IndiGo, it seemed, was convinced that a single-breed aircraft fleet works best for a low-cost airline. But, now, in a complete change of tack, the carrier has announced that it will acquire ATR 42-600 aircraft to fly on regional routes.
The airline has signed a term-sheet with ATR for these aircraft.
IndiGo’s change in plans can be viewed in various ways. First, it can be seen as a logical step to grow in Tier 2 and 3 cities, for which, the airline’s existing fleet of Airbus A-320 will not work. With many believing that the next phase of growth in the domestic aviation market will come from tier 2 and 3 cities, and the fact that the number of passengers flown under the Government’s UDAN scheme will count towards domestic market share, it probably makes sense for IndiGo to venture into this market. Many also believe that the announcement follows a nudge from the Government that the market leader needs to be part of its new aviation initiative. Anyway, there is history of other airlines opting for smaller aircraft. SpiceJet ordered Q400 in 2010 almost five years after Ajay Singh restarted the airline. Jet Airways picked ATR aircraft years after starting and stabilising its operations in the domestic market.
Many believe that as the market leader, with a share of over 40 per cent, IndiGo may be looking at ATRs as a natural way to ensure that its competitors — SpiceJet and Air India, which have already secured routes under UDAN — do not become a threat to its dominance.
Incidentally, this is not the first time IndiGo has announced its intention of entering the regional market. During the UPA government’s second term, IndiGo officials had told media, off the record, that it was signing up for smaller aircraft to look at regional routes. The then Civil Aviation Minister, Ajit Singh, had been keen on regional connectivity. But with the Manmohan Singh government losing the elections that plan died a natural death. This time, the regional connectivity scheme is already up in the air.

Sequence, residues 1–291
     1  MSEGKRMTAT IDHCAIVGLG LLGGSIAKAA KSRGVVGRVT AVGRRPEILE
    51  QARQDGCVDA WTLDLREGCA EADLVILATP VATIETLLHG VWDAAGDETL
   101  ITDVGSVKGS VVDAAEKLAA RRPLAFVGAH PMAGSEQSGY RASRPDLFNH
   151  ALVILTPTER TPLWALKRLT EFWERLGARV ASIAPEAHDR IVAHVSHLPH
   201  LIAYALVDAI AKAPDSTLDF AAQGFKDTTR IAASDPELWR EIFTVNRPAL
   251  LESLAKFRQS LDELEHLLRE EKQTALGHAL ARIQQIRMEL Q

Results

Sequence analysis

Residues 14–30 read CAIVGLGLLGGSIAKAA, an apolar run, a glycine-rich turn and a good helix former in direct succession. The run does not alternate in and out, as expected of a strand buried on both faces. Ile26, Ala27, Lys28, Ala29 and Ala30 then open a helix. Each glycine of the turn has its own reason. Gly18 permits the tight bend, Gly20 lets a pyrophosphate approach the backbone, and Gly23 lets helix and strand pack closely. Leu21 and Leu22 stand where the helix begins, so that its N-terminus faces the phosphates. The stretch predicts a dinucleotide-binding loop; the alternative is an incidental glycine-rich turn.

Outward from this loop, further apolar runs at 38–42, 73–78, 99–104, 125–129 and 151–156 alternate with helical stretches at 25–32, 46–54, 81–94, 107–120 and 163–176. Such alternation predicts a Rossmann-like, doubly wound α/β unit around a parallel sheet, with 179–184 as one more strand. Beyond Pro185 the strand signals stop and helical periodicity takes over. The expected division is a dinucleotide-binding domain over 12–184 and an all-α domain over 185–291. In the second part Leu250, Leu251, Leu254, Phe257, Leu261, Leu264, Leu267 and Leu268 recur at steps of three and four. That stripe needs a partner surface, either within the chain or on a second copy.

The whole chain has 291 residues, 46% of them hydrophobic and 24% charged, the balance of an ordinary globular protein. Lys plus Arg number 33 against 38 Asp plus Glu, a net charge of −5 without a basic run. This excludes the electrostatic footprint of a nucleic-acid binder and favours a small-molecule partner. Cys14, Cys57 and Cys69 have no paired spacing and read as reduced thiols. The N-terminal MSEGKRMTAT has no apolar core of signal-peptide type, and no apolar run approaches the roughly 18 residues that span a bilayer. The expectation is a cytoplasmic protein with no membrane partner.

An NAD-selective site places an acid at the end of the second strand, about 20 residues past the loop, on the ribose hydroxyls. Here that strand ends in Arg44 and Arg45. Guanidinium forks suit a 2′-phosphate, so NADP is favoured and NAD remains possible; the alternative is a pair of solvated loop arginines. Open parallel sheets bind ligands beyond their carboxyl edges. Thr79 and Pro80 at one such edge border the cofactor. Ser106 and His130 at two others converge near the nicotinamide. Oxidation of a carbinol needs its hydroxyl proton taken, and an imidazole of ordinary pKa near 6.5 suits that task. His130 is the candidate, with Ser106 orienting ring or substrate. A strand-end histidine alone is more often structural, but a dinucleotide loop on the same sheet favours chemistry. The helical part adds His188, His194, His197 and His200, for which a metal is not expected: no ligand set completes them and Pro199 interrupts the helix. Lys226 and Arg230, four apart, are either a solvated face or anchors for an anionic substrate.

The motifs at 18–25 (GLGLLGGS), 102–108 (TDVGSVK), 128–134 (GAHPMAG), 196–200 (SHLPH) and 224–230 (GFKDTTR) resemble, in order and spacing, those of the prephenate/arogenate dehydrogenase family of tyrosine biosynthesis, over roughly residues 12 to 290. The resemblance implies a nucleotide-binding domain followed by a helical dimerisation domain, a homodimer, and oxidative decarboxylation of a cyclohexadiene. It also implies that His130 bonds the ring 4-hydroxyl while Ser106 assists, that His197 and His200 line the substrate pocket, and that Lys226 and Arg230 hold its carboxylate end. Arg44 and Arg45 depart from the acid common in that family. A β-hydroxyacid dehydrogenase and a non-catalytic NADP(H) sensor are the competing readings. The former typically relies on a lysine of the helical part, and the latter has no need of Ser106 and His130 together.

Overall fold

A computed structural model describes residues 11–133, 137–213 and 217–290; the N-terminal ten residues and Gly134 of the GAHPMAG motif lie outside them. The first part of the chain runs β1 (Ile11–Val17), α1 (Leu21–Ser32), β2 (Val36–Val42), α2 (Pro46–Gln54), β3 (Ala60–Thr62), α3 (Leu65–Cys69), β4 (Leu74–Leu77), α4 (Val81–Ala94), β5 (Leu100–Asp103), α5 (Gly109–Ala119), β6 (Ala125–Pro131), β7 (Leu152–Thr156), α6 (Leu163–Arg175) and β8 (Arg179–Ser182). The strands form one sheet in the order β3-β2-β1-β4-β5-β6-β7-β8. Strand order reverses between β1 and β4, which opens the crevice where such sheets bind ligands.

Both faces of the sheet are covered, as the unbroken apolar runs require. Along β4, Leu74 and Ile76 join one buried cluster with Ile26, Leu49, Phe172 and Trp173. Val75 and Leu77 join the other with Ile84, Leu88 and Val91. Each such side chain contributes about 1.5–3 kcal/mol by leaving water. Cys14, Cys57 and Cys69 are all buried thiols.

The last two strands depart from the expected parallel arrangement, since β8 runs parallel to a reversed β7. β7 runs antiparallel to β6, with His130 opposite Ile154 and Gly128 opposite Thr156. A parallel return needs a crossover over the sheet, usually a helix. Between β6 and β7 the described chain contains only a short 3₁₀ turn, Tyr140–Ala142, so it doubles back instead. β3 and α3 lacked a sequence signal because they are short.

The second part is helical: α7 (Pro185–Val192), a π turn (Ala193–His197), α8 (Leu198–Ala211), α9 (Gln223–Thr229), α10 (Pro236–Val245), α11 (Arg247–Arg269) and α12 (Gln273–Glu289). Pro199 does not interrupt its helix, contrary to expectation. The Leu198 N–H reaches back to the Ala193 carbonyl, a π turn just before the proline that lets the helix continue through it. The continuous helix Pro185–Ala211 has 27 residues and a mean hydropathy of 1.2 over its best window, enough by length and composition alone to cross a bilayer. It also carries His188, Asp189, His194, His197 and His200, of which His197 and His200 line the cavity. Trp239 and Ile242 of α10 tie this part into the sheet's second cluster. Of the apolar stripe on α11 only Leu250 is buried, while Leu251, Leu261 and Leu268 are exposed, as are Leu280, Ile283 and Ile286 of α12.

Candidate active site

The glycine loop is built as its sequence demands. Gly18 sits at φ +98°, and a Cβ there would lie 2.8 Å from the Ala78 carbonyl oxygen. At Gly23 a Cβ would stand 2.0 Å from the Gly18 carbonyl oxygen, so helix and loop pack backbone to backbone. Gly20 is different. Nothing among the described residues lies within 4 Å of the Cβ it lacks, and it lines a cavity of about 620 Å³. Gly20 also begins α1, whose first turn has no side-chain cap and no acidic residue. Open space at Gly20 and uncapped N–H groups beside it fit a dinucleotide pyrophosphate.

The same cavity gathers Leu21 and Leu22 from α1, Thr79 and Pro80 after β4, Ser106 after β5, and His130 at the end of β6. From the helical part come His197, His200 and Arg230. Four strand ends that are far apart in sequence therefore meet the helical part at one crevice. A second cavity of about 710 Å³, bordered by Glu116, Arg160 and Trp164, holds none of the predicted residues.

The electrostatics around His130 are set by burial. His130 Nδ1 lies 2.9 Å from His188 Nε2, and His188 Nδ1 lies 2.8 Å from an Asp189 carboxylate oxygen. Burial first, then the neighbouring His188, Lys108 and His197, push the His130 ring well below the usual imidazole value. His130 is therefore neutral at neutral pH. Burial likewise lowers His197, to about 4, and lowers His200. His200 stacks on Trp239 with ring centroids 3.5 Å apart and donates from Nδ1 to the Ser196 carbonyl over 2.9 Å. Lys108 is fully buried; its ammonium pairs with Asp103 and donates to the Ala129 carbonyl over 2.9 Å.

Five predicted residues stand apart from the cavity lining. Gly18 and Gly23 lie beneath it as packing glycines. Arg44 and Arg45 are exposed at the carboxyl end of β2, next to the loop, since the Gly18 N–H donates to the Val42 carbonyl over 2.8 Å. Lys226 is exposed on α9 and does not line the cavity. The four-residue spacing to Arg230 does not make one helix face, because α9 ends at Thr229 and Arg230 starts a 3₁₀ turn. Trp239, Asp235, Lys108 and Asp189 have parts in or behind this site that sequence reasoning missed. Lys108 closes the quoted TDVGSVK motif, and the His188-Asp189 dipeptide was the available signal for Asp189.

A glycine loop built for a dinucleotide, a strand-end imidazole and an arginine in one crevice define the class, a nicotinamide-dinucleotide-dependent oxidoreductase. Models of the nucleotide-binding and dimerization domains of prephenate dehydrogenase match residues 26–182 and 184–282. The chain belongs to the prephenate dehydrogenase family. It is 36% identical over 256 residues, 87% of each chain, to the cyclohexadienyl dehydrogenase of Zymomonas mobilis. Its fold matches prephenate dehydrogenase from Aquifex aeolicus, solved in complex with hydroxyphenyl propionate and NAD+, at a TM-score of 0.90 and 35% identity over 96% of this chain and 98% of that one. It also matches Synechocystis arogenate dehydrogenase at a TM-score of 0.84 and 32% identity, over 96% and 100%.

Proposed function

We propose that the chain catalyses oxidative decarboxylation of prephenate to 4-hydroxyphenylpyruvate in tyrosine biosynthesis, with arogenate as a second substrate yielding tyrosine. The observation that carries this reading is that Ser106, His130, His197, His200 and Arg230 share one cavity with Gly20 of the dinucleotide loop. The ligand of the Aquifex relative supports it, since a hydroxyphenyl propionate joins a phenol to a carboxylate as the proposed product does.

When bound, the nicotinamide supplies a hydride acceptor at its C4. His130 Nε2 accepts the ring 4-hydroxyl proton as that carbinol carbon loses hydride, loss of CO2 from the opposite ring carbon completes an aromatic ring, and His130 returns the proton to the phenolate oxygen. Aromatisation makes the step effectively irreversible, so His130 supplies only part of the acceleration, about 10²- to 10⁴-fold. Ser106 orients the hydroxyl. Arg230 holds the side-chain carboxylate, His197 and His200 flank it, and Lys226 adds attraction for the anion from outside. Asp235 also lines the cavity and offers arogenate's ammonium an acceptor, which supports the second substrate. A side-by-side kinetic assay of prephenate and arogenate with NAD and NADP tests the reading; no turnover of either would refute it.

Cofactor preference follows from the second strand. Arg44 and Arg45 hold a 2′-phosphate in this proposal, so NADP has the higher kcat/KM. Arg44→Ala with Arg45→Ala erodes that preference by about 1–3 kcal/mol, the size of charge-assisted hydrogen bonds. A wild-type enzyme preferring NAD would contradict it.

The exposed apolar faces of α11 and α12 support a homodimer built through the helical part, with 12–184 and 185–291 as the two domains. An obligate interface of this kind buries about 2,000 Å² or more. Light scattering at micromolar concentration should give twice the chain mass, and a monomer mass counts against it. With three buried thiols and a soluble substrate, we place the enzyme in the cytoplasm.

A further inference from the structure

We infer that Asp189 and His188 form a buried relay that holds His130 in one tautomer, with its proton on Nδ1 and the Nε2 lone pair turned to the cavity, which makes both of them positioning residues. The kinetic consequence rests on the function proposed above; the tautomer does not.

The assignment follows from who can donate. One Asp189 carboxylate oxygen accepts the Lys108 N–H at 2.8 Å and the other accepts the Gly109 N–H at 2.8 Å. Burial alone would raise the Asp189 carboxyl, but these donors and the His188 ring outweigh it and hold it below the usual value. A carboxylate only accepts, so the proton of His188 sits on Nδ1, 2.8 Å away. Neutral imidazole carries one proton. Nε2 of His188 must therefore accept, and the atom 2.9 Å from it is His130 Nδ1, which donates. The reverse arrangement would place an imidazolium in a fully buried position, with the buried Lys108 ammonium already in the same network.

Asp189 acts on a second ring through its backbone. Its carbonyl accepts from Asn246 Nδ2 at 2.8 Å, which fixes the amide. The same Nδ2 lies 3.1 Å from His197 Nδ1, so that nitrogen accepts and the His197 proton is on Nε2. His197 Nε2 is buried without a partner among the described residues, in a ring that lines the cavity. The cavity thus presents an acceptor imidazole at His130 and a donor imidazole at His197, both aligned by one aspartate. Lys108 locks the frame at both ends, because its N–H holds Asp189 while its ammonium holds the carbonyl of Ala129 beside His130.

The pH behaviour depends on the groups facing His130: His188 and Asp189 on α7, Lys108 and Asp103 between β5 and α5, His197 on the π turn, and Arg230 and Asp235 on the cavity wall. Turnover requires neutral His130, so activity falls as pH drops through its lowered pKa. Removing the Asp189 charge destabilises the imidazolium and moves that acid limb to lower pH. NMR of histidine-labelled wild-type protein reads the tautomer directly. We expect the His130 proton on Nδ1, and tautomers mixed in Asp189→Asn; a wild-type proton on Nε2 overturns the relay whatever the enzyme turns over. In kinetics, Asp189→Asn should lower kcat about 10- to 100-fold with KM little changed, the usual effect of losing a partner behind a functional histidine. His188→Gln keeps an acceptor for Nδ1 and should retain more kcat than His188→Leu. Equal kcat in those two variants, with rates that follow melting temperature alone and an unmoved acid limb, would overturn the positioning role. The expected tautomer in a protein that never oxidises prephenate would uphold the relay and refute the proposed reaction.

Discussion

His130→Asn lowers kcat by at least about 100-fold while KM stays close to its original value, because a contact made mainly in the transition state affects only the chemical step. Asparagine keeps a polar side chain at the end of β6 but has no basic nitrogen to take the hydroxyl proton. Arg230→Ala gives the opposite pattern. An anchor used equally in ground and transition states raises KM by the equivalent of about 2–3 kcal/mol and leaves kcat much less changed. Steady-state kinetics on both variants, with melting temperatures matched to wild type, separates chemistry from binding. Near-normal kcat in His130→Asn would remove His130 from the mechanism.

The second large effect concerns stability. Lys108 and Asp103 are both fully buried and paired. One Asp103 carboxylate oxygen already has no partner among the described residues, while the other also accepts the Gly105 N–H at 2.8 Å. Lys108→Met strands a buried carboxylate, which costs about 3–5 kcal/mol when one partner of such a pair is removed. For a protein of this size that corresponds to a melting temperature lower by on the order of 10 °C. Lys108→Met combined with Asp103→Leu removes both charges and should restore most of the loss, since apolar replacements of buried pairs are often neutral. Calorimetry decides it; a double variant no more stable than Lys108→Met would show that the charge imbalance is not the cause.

And, IndiGo is serious about that. Addressing a conference call after announcing the ATR move, Aditya Ghosh, IndiGo President, said a ‘focus division’ will handle the turbo-prop operating functions that will not overlap with its narrow-body working. These operating functions will comprise flight operations, inflight services, despatch and operations control, route planning and revenue management. But human resource, finance and legal functions will be managed by the IndiGo infrastructure already in place.
“The advantage of this overall structure is that it will avoid adding complexities to IndiGo’s mainline operations. At the same time, most if not all administrative functions will be handled by the existing IndiGo department,” Ghosh said.
ATRs will also face other hurdles. The first is lack of a trained manpower, especially pilots to operate the ATR 42-600 aircraft. If IndiGo is forced to bring in expat pilots, it could be looking at a monthly salary packageof $10,000 (?645,000) per commander. The actual payout is likely to be higher, as the airline will have to bear the taxes on pilots’ salaries.
While IndiGo has not indicated how many ATRs it is planning to get, the rules stipulate that there should be a minimum of three sets of crew per aircraft, which means that the airline will need at least six pilots per aircraft.
Besides, the pilots operating the smaller aircraft will naturally want career progression by moving to operating the larger Airbus A-320 aircraft of the airline. This is something which has played out in several Indian carriers already, including in Air India. At the moment, IndiGo does not face this problem as it operates an all Airbus A-320 fleet. Jason McCourty JerseyShare This